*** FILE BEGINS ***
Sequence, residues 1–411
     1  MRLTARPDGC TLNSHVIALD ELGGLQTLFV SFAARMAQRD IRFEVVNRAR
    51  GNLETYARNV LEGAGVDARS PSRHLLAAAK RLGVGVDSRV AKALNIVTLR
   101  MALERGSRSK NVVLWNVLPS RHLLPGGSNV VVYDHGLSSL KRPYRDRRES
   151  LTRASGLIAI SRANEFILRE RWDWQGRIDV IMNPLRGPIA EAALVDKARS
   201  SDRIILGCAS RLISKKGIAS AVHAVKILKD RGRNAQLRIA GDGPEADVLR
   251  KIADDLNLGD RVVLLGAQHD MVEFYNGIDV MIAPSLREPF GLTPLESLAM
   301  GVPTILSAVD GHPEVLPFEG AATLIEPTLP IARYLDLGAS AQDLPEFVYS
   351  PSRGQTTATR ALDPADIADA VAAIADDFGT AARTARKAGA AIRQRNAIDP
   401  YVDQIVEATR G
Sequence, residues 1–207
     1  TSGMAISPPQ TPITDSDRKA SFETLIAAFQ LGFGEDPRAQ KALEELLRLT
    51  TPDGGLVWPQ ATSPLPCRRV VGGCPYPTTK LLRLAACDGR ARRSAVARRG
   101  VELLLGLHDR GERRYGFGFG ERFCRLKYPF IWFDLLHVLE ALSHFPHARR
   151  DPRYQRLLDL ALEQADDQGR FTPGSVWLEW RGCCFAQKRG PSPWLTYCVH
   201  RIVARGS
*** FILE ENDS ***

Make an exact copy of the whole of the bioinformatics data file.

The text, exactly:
Sequence, residues 1–411
     1  MRLTARPDGC TLNSHVIALD ELGGLQTLFV SFAARMAQRD IRFEVVNRAR
    51  GNLETYARNV LEGAGVDARS PSRHLLAAAK RLGVGVDSRV AKALNIVTLR
   101  MALERGSRSK NVVLWNVLPS RHLLPGGSNV VVYDHGLSSL KRPYRDRRES
   151  LTRASGLIAI SRANEFILRE RWDWQGRIDV IMNPLRGPIA EAALVDKARS
   201  SDRIILGCAS RLISKKGIAS AVHAVKILKD RGRNAQLRIA GDGPEADVLR
   251  KIADDLNLGD RVVLLGAQHD MVEFYNGIDV MIAPSLREPF GLTPLESLAM
   301  GVPTILSAVD GHPEVLPFEG AATLIEPTLP IARYLDLGAS AQDLPEFVYS
   351  PSRGQTTATR ALDPADIADA VAAIADDFGT AARTARKAGA AIRQRNAIDP
   401  YVDQIVEATR G
Sequence, residues 1–207
     1  TSGMAISPPQ TPITDSDRKA SFETLIAAFQ LGFGEDPRAQ KALEELLRLT
    51  TPDGGLVWPQ ATSPLPCRRV VGGCPYPTTK LLRLAACDGR ARRSAVARRG
   101  VELLLGLHDR GERRYGFGFG ERFCRLKYPF IWFDLLHVLE ALSHFPHARR
   151  DPRYQRLLDL ALEQADDQGR FTPGSVWLEW RGCCFAQKRG PSPWLTYCVH
   201  RIVARGS